rooky


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rookie

1. noun Someone who is inexperienced at some sport, profession, or other activity. Sometimes used as a term of address. It was the first playoff game for the rookie, and he managed to score three runs with a home run in the very first inning. I can't believe they're making me take the rookie out on the beat today. Nice one, rookie. You just cost us a day's worth of work.
2. adjective Of, related to, or indicating a very inexperience person. The rookie officer was tasked with protecting the suspect while he was transferred to the county jail. I can't believe I let that error slip by me during testing. What a rookie mistake!
Farlex Dictionary of Idioms. © 2015 Farlex, Inc, all rights reserved.

rookie

and rooky (ˈrʊki)
1. n. a person new at something; a neophyte, especially a police officer or a ballplayer. The rookie tackled the old-time player and earned a lot of cheering and applause.
2. mod. new; inexperienced. Fred is a rookie first baseman for the home team.

rooky

verb
See rookie
McGraw-Hill's Dictionary of American Slang and Colloquial Expressions Copyright © 2006 by The McGraw-Hill Companies, Inc. All rights reserved.
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References in periodicals archive ?
He is looking forward to 2011 with the flush of excitement normally associated with a bright young rooky.
The guild has compiled a list of dozens of would-be colleagues, including former assistants to DPJ lawmakers and people from the private sector, for referral to rooky party lawmakers, he said.
It remains to be seen whether Gibbo will allow another rooky manager to take us to the edge of the cliff and relegation."
The 27-year-old rooky lefty blew a five-run lead in his return to the rotation on Friday as the Seattle Mariners outslugged the Yankees 15-11 at Yankee Stadium.
Thus crows, for Wilson, are a code for Jesuits in Shakespeare's works--and indeed, out of them as well, for he mentions Robert Greene's early rejection of Shakespeare as "a crow beautified with our feathers" in this context (11) and links it with the crow that "Makes wing to th' rooky wood" in Macbeth, as an allusion to the Jesuit Henry Garnet, and with the crows who "are fatted with the murrain flock" in Midsummer Night's Dream, as "a sour pun on Jesuit infiltration of the church for which More had died" (12-13).
Since Jesuits were caricatured by Protestant polemicists as "massing crows," "the picture of the Jesuit 'black-robe' as a carrion crow was one which Shakespeare would himself use to dissociate from papist terrorism, when he wrote of the evil hour when 'the crow / Makes wing to th' rooky wood' (Macbeth 3.3.51-52) in denunciation of the Masses hosted by the conspirator Ambrose Rookwood at Clopton House, near Stratford, in the darkening days before the Gunpowder Plot" (12).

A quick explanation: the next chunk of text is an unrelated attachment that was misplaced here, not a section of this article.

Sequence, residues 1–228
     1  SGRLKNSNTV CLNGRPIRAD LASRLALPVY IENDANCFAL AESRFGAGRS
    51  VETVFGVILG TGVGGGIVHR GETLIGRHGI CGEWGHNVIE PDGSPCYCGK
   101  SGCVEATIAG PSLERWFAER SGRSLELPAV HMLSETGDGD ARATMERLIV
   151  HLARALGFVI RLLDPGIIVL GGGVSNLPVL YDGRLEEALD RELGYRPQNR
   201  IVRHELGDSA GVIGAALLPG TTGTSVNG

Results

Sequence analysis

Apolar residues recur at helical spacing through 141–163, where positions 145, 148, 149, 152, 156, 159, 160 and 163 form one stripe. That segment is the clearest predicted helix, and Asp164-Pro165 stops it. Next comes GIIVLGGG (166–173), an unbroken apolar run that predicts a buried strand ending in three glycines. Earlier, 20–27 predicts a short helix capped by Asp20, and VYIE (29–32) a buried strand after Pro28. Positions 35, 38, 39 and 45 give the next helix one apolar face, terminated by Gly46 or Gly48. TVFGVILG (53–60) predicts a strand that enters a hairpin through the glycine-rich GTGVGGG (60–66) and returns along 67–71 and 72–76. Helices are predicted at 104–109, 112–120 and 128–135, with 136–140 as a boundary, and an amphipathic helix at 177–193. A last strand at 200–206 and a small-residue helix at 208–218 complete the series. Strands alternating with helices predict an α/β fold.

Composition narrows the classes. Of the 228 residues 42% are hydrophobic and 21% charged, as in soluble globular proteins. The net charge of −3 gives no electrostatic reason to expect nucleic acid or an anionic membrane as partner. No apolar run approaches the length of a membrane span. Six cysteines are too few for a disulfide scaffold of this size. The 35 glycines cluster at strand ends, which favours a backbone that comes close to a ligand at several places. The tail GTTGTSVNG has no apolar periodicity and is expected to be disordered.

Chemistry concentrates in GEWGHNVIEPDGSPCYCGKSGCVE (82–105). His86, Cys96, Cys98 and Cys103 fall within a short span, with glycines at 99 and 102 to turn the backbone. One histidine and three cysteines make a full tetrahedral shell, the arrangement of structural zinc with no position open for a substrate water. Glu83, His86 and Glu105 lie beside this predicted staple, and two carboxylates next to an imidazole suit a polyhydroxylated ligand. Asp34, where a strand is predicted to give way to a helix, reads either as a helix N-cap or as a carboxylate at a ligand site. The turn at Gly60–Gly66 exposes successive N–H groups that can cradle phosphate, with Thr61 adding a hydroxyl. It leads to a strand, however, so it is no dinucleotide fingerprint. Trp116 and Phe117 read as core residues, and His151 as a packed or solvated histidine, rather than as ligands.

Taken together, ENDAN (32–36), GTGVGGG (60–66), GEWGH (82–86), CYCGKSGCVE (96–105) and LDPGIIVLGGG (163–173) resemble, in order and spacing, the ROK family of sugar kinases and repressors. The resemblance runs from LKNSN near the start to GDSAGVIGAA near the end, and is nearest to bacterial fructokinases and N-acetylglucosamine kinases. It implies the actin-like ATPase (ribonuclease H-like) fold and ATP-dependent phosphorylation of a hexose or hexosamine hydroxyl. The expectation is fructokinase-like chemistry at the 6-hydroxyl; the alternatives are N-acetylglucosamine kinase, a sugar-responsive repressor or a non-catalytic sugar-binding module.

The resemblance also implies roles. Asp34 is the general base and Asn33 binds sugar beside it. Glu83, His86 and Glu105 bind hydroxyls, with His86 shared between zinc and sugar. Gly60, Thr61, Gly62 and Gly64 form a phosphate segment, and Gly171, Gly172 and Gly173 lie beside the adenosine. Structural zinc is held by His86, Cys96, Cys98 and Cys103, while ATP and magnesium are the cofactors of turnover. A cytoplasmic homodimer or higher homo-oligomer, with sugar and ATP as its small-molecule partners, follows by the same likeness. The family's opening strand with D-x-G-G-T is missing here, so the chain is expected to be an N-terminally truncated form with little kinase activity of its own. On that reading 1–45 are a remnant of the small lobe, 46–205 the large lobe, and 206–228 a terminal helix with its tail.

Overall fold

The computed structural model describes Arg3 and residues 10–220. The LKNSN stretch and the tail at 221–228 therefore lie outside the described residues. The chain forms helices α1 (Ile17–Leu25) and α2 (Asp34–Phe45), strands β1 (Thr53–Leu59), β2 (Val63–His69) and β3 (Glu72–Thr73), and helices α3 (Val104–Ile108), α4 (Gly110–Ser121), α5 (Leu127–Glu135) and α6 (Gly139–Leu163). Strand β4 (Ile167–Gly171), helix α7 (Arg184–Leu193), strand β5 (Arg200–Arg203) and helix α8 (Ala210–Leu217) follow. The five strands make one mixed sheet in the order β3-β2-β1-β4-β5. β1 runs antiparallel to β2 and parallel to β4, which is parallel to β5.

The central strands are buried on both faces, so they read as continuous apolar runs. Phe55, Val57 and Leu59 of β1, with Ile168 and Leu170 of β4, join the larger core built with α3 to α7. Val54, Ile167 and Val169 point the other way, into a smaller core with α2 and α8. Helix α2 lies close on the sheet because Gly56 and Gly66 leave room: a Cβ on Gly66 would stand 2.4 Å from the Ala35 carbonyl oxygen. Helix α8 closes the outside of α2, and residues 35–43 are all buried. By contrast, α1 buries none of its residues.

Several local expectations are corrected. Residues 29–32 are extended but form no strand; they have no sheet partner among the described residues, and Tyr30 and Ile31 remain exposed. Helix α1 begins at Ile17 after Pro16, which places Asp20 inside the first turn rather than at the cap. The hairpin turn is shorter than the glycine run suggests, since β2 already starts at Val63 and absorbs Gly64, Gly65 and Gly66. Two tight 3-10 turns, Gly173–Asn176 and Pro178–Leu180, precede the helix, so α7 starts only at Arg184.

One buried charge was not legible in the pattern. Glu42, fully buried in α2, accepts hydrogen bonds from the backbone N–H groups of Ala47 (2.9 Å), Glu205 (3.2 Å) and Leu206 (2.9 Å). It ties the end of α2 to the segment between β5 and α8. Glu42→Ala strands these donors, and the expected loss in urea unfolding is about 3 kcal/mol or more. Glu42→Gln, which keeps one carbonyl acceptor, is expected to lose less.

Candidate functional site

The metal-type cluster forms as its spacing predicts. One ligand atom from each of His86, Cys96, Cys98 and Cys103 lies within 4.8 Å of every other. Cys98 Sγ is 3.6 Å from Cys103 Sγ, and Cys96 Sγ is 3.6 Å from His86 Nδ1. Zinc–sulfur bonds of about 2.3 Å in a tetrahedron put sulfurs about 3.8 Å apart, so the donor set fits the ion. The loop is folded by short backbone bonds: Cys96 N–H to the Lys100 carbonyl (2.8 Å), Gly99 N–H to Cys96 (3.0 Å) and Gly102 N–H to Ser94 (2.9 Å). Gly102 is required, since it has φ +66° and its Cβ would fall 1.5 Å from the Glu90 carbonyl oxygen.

Widnes could not have made a worse start, with rooky Paul O'Connor's blunder from the kick-off allowing Dobson to find Bruno Verges in acres of space for the first of his side's six touchdowns.
Spennymoor held out until the hour when Simon Barraclough scored from close range and in the 82nd minute the game was put beyond doubt when Rooky White went up unchallenged to head past Darren Harrigan.
She has paired her with fellow rooky Anne Laing against Wie and Brittany Lang in the first day foursomes at Formby today.
The Vice (ITV1Wales,9pm) Mel Raido, whop lays rooky PC Adam Parkes, spends much of the new series going deep undercover.
Then Branch tapped the ball home under the keeper from three yards when defender Reeves failed to cut out rooky striker Wilbraham's thrust.
Today, however, I sense Taylor's presence in the Keatsian `shrilly' and in the see-sawing, Augustan effect of the counterpoised epithets which eclipse two Clare-like features of the original lines: the contrast, reminiscent of Macbeth's crow making wing to the rooky wood, between the loner and the crowd; and the rhythmic approximation to the kite's movement.